UEFA president Michel Platini insists it is “logical” for clubs to be compensated for letting their players appear in the final stages of major tournaments.
Starting at Euro 2008 this summer, tournament organisers – in this case UEFA - will pay clubs £2,970 for each day a player is involved.
The cash will be shared between any clubs a player has played for in the two years prior to the tournament. Therefore, should a player have moved, their former club would still be compensated for his participation in a qualifying campaign.
The deal was announced by Platini at the launch of the European Club Association, a body which will replace the elite G14 pressure group and unite Europe’s wealthiest clubs, UEFA and world governing body FIFA in an unprecedented peace treaty.
Platini said: “It was utterly unthinkable to me that players could not be released by their clubs for international tournaments. But it was also logical to give clubs some kind of compensation and a share of the profits.”
Karl-Heinz Rummenigge, the chairman of the new ECA and former West Germany international, said: “This is a day of reunification for the football family. It is very much down to Michel Platini because he has propounded the principle of giving and sharing.”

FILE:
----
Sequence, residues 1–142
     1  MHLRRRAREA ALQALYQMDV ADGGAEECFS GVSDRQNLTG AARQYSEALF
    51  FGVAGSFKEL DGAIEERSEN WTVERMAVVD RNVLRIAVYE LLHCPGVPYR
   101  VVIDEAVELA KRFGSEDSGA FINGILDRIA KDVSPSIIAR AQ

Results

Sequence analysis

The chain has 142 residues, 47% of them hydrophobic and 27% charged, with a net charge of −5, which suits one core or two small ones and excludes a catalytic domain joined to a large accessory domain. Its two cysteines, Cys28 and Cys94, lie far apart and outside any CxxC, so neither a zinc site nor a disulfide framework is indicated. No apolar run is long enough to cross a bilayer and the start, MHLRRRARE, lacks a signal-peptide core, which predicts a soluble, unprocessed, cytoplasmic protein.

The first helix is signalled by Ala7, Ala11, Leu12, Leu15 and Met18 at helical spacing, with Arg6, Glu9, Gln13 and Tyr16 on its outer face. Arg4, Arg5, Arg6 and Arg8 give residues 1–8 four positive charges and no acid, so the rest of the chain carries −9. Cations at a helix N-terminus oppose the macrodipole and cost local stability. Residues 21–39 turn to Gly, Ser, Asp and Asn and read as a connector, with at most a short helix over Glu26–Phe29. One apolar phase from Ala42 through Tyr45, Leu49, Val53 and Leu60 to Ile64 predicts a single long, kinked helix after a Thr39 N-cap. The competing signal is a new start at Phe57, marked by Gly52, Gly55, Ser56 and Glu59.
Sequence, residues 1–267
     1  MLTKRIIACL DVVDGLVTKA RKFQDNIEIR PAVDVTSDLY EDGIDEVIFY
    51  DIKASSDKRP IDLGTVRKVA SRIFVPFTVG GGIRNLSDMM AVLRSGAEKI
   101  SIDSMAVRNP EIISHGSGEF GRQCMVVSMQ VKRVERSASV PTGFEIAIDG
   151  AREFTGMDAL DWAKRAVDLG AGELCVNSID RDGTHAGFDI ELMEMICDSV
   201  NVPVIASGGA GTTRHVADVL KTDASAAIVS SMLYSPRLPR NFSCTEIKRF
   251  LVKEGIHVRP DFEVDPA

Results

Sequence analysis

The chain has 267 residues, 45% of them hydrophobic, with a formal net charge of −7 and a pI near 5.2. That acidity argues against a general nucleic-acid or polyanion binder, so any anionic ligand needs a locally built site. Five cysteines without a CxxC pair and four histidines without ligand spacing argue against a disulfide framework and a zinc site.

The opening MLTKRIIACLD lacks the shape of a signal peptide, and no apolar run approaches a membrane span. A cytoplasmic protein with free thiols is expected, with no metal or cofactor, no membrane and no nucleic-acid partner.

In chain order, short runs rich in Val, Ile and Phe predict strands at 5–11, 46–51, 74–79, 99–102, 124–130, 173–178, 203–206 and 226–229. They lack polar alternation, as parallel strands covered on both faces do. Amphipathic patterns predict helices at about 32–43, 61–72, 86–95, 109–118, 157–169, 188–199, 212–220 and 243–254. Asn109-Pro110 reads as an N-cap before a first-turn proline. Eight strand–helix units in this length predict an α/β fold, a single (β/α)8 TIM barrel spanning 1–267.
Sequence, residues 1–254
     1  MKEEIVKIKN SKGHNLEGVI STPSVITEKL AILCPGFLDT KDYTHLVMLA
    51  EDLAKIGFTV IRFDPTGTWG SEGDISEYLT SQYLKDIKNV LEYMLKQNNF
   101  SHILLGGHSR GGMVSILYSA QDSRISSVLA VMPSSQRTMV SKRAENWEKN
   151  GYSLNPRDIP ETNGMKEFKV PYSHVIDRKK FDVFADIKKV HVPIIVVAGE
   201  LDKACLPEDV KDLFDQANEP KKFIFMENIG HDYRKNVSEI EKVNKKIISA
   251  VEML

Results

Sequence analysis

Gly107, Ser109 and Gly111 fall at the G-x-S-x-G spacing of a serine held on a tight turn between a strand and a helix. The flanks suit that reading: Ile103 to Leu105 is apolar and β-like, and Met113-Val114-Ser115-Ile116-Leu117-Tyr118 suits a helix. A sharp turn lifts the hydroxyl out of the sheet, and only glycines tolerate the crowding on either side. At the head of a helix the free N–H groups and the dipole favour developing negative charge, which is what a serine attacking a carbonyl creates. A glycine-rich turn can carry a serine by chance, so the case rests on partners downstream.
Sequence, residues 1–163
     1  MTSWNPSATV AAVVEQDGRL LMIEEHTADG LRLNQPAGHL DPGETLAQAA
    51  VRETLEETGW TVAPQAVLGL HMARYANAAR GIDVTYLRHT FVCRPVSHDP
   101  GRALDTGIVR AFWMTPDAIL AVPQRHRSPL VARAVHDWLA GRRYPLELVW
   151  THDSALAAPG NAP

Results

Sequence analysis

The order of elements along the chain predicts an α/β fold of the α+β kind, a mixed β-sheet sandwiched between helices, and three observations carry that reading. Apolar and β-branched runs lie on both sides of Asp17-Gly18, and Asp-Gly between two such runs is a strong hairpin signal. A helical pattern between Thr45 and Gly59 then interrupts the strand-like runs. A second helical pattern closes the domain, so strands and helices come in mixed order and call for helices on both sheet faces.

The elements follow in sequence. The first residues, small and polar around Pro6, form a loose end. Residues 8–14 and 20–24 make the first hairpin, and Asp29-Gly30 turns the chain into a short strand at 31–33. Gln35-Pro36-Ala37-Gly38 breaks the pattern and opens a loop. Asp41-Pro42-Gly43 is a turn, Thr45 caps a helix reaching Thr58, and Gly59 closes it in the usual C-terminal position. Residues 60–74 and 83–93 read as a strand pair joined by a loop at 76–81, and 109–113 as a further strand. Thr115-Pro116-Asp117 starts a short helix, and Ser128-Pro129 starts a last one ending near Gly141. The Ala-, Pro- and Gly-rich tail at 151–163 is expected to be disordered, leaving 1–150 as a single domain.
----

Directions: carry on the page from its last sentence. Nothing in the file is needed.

UEFA have set aside £32.3million in compensation for clubs at Euro 2008 in Austria and Switzerland and a further £41million for the 2012 tournament in Poland and Ukraine.
Platini announced that FIFA would be contributing a combined total of £56.6million for the 2010 World Cup in South Africa and the 2014 event in Brazil.
The France legend added: “There is a new generation of people leading football organisations and clubs who have come from football and not politics. I believe football is going to change.”
The move will be seen as a resounding victory for Europe’s top clubs, who had formed the G14 in September 2000 to lobby for more power and greater rewards from the way football was run.
The G14 will now disband at their final meeting on February 15 and bring to an end three court actions against FIFA regarding compensation for players injured on international duty.
The second match of international double header weeks – usually played on a Wednesday – will be moved to Tuesday so that players can return to clubs sooner for domestic matches the following weekend.